Yemeni Jewish refugees brought to U.S. in secret mission

Here’s a different kind of refugee story. The U.S. State Department has resettled about 60 Yemini Jews here since August, Miriam Jordan reports in the Wall Street Journal. The story begins:

MONSEY, N.Y. — In his new suburban American home, Shaker Yakub, a Yemeni Jew, folded a large scarf in half, wrapped it around his head and tucked in his spiraling side curls. “This is how I passed for a Muslim,” said the 59-year-old father of seven, improvising a turban that hid his black skullcap.

The ploy enabled Mr. Yakub and half a dozen members of his family to slip undetected out of their native town of Raida, Yemen, and travel to the capital 50 miles to the south. There, they met U.S. State Department officials conducting a clandestine operation to bring some of Yemen’s last remaining Jews to America to escape rising anti-Semitic violence in his country.

In all, about 60 Yemeni Jews have resettled in the U.S. since July; officials say another 100 could still come. There were an estimated 350 in Yemen before the operation began. Some of the remainder may go to Israel and some will stay behind, most in a government enclave.

An unusual story, to say the least. The Yemeni government is protecting the Jews; the persecution is from local Muslims.  The U.S. government initiated the action for geopolitical reasons.

The State Department took something of a risk in removing the Yemenis to the U.S., as it might be criticized for favoritism at a time when refugees elsewhere are clamoring for haven. The U.S. calculated the operation would serve both a humanitarian and a geopolitical purpose. In addition to rescuing a group threatened because of its religion, Washington was seeking to prevent an international embarrassment for an embattled Arab ally.

The Yemeni Jews may be the oldest Jewish community in the Arab world.

Jews are believed to have reached what is now Yemen more than 2,500 years ago as traders for King Solomon. They survived — and at times thrived — over centuries of change, including the spread of Islam across the Arabian Peninsula.

Most Yemeni Jews went to Israel years ago. Israel airlifted 49,000 to their country in 1949 and 1950, leaving only about 2,000. And that raises the question: Why didn’t these people go to Israel, which is experienced at bringing in relatively primitive groups like this, and teaching them to thrive in a modern culture? It might be because the action was initiated by Yemeni Jews in New York.

New York had a community of about 2,000 Yemeni Jews. Yair Yaish, who heads the Yemenite Jewish Federation of America, says he was barraged with “desperate calls from the community here saying we have to do something to get our families out.”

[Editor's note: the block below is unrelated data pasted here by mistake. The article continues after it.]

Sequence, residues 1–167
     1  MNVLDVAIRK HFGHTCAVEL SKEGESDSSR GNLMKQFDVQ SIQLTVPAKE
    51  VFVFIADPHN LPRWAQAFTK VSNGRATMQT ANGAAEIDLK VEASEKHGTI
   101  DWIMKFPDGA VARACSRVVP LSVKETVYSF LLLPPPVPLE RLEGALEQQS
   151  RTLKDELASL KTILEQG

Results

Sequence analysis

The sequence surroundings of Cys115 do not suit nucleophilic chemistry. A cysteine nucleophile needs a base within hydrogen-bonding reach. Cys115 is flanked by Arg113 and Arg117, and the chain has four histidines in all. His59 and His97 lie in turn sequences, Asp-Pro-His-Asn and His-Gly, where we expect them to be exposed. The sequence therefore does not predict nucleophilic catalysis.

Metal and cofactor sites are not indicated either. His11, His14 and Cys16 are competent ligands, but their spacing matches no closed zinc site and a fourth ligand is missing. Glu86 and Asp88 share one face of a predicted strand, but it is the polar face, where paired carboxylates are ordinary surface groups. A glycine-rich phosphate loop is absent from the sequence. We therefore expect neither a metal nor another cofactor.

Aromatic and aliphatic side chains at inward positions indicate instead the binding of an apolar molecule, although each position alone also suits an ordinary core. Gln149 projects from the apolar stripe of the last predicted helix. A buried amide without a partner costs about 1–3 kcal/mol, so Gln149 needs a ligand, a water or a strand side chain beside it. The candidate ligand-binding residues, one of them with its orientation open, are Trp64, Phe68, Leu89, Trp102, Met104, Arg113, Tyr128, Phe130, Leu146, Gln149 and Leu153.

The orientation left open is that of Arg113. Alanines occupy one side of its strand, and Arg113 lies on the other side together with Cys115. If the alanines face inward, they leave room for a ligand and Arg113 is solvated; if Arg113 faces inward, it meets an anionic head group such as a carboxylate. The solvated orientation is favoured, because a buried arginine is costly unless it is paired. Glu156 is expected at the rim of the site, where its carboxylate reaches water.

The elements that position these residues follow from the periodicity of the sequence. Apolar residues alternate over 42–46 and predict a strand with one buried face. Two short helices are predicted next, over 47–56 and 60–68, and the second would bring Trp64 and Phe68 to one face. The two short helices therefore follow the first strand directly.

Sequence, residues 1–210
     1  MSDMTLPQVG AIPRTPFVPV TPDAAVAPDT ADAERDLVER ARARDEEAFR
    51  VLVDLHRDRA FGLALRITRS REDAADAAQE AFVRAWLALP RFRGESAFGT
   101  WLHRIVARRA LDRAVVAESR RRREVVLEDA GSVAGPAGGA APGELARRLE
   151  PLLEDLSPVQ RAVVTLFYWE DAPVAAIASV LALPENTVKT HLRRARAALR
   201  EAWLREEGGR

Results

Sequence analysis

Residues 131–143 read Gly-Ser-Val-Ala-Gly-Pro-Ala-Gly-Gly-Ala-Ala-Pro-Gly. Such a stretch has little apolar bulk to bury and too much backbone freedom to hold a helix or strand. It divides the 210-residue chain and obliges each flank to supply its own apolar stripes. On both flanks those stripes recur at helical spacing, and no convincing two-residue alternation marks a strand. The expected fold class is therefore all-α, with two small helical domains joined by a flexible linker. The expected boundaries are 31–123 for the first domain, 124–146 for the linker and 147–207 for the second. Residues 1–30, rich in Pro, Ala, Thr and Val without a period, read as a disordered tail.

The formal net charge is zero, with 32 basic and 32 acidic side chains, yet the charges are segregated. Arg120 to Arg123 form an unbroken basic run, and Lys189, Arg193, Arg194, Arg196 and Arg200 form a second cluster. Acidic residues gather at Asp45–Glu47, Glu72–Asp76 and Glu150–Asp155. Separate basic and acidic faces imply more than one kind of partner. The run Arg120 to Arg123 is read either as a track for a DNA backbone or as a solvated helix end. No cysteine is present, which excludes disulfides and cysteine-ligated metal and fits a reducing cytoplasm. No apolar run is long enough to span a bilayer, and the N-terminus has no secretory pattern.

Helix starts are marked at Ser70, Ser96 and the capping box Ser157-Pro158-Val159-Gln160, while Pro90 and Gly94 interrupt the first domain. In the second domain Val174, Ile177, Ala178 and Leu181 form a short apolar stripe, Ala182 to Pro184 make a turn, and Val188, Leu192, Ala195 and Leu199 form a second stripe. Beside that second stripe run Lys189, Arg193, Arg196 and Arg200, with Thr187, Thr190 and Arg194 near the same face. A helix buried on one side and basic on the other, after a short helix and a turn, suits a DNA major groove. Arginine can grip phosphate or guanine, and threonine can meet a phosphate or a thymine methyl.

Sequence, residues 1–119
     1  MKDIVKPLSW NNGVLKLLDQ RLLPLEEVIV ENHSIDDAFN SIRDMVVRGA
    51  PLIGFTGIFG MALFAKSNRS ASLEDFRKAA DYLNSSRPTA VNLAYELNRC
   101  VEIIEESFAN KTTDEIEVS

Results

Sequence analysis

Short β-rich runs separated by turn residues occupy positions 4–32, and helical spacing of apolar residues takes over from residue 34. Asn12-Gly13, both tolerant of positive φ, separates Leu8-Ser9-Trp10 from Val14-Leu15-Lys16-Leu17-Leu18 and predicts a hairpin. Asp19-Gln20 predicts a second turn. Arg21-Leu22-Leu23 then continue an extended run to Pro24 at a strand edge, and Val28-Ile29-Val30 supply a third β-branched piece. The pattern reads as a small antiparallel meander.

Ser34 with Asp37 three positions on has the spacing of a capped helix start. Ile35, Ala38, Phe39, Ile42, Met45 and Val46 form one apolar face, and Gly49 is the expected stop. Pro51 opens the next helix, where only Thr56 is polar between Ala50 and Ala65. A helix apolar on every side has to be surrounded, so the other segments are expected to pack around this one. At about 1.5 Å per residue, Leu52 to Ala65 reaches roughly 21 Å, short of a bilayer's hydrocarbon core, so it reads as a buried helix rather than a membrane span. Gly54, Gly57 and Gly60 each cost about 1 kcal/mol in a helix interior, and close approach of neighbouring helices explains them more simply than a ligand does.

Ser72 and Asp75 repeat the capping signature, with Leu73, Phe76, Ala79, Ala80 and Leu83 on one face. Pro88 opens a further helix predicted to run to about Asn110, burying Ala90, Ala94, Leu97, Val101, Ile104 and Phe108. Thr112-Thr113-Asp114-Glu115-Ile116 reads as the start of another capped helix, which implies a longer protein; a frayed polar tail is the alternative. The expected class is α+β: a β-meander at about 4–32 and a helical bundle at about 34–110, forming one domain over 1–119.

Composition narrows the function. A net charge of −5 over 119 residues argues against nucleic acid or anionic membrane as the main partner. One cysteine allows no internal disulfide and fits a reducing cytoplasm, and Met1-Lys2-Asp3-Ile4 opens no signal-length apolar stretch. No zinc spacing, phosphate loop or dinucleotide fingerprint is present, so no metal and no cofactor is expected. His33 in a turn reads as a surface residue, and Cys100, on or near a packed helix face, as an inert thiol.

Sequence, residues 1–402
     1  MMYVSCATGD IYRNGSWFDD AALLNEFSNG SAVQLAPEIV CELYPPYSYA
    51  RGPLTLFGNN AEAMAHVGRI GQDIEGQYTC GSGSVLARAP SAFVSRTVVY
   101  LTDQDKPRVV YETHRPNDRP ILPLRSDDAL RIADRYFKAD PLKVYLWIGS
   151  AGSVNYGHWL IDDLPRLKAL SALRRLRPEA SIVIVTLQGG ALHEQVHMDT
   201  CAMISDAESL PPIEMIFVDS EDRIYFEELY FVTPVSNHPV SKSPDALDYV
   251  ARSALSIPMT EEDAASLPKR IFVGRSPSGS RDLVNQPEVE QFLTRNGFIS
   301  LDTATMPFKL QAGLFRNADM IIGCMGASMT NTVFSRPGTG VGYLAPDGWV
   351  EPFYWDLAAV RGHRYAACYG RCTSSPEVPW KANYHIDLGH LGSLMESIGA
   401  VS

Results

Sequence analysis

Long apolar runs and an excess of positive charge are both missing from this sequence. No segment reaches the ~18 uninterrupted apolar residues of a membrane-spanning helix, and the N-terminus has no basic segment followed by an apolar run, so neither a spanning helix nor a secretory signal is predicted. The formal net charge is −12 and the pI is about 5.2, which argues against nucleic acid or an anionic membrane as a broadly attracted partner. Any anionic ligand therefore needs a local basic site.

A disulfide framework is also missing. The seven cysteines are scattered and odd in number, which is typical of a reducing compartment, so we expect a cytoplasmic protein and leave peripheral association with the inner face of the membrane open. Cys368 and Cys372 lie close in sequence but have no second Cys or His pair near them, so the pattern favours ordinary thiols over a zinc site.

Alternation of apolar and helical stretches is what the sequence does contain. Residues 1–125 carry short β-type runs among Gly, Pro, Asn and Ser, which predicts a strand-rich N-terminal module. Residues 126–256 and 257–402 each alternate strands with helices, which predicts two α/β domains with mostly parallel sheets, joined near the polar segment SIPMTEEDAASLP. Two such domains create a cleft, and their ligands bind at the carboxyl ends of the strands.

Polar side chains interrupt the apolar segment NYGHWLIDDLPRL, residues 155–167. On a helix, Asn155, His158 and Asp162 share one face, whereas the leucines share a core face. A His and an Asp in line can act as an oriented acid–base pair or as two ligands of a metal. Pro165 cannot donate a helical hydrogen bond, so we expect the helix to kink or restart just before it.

The U.S. Ambassador to Yemen urged Yemeni ministers to facilitate the departure. After initial reluctance — the government preferred to give the Jews safe haven in the capital city — Yemen agreed to issue exit permits and passports.

“It was the embassy’s view, and the Department concurred, that because of their vulnerability, we should consider them for resettlement,” says a spokeswoman for the State Department’s Bureau of Population, Refugees and Migration.

Unlike most refugees, these Yemenis have had money raised to help them.

Jewish Federations of North America raised $750,000 to help the effort. Orthodox groups also pledged to pitch in. The Hebrew Immigrant Aid Society was tasked with their resettlement.

Maybe there’s a clue here:

In the U.S., the Yemeni refugees are being settled in Monsey, a suburban enclave of ultraorthodox Jews, lined with strip malls that sell black coats and wide-rimmed hats worn by Hasidic men.

The Hebrew Immigrant Aid Society’s network established a Monsey office, where case managers arrange housing and disburse food stamps, cash and other refugee benefits to the Yemeni arrivals. Many of the adults, caseworkers say, aren’t yet capable of budgeting, following a schedule or sitting still in a structured classroom to learn English.

It doesn’t sound as if the Hebrew Immigrant Aid Society initiated this, so it’s not for the money they receive from the government. Some ultraorthodox Jews (most? I don’t know) are not Zionists: they don’t believe in the State of Israel. Perhaps they were trying to get the Yemenis here to live in their community instead of going to Israel. This story doesn’t compute, and I’d like to find out more about it. Still, one thing about the article is quite routine: the way it ends, which is pretty much the standard kind of ending for refugee stories:

On a recent morning, Mr. Suleiman, a 36-year-old father of three, retrieved an alarm clock that he received with his furnished apartment.

“I still don’t know how to use this,” he said. “The children have been playing with it.”

Hat tip: Janet Levy.

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